19th century literature and the difference between the ability to retire and to philanthropize
As I consider what to invest in tomorrow when the market opens, I look at my portfolio and consider its allocation. And I realize that although there are couple of small growth companies that I really want to add to my portfolio, I currently have a greater ownership of those kinds of companies in my portfolio and a lower portion of dividend paying companies like Pfizer (PFE), Johnson and Johnson (JNJ) and Kraft (KFT) than I would like to have in order to consider my portfolio well balanced. So I will sift through various TMF newsletter recommendations and pick a few good dividend payers from the Best Buys Now lists. I have dividends on my mind as a long term strategy for wealth creation and maintenance because I have recently seen on television and read in my books some 19th century references to financial success.
This year I have enjoyed the Jane Austen and Elizabeth Gaskell series presented by Masterpiece Theater on PBS. And last year it was more Bronte and Dickens. It occurs to me that we are living in times that would have spurred great literary works from these authors and I am glad to see them on PBS. In watching these and reading them, thoughts of how people make it through financially trying times turn over in my head. What exactly is the contemporary equivalent of a "gentleman"? Is it the ability to retire? Is it the ability to act as a philanthropist? What is the division between just being able to retire and being able to philanthropize?
A section in Gaskell's Cranford comments about "living off the four percents". I draw from this that the gentlemen back in that day were aware of something we learn easily from reading on TMF or on MorningStar today, that to determine how much you will need for retirement, you should multiply your annualized monthly expenses by 25, and then never use more than 4% of your total per year. Also I gather that in the 19th century, 4% was a rather common dividend rate paid out by banks and corporations. And that if a gentleman wished to have his fortune outlive him, he must never tap in to the principle, but just use the dividends. Also, to ensure a 19th century equivalent of a dowry for any daughters or to ensure an independent fortune for a son, a gentleman needed to not only use less than the 4%, but to save and invest from those funds in resources for his children and any surviving spouse.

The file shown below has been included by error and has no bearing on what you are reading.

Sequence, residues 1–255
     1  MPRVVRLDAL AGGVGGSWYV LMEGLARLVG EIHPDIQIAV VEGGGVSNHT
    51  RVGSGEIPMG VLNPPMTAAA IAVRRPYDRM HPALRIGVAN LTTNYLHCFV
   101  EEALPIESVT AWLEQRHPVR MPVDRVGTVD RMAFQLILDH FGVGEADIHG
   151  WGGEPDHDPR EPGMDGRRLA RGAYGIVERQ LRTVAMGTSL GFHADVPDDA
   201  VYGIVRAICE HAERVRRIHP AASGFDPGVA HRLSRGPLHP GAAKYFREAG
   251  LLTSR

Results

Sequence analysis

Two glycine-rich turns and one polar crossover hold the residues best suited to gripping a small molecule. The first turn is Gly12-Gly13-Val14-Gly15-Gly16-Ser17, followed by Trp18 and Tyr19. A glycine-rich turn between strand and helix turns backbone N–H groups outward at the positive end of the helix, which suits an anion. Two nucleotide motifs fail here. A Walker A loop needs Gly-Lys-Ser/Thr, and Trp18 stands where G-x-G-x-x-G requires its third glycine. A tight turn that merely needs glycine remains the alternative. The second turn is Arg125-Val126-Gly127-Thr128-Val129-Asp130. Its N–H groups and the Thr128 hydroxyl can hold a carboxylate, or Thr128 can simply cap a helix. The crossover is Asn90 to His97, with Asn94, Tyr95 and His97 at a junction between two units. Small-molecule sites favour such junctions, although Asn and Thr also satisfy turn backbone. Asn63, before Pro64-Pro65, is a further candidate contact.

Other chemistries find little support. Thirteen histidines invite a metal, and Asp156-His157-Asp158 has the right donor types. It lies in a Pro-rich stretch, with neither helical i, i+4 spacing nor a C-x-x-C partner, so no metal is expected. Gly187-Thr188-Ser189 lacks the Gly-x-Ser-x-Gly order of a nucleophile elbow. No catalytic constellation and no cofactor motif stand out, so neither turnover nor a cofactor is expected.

The contemporary equivalent of a 19th century "gentleman" I must conclude, is someone who is able to retire. In these days of relaxation at the holiday season I remember that it is not necessarily the most fun for me to not feel useful - idleness does not suit my temperment. Therefore I set a goal that my second calling in retirement will be to actively philanthropize - to seek out those doing good work that makes me feel good and to help them attain the resources necessary to pursue that work. But what is the financial difference between being able to retire and being able to philanthropize? What was the difference in gentlemanly status between Mr. Bennet and Mr. Darcy in Austen's Pride and Predjudice? The difference is in the amount less than four percent that each man needed to use per year.
Any amount below the annual four percent amount that is not used to pay expenses can be used to fund philanthropic goals. For some people who have ammassed large fortunes (i.e. Mr. Darcy), the amount needed to support themselves may even be less than one percent of their total and threrefore, they would have a great amount more to give to their family members and to their philanthropic interests. To my sensibility, it would be great to help meaningful non-profit organizations to create more sustainable futures for themselves by helping create and provide for their endowments. But my goals are my own and others will have their own goals perhaps acheived through planned giving or other means.
What would Dickens write if he were alive today to see this mess we have gotten into, not just here, but world wide? I can hear the severity of his condemnation echoing back through his works as I read them again today. So I take special heart in his Tiny Tim of A Christmas Carol, blessing us everyone. Therefore as I contemplate which companies to buy tomorrow, I will consider carefully their Stewardship Grades in addition to their long term sustainable yeilds.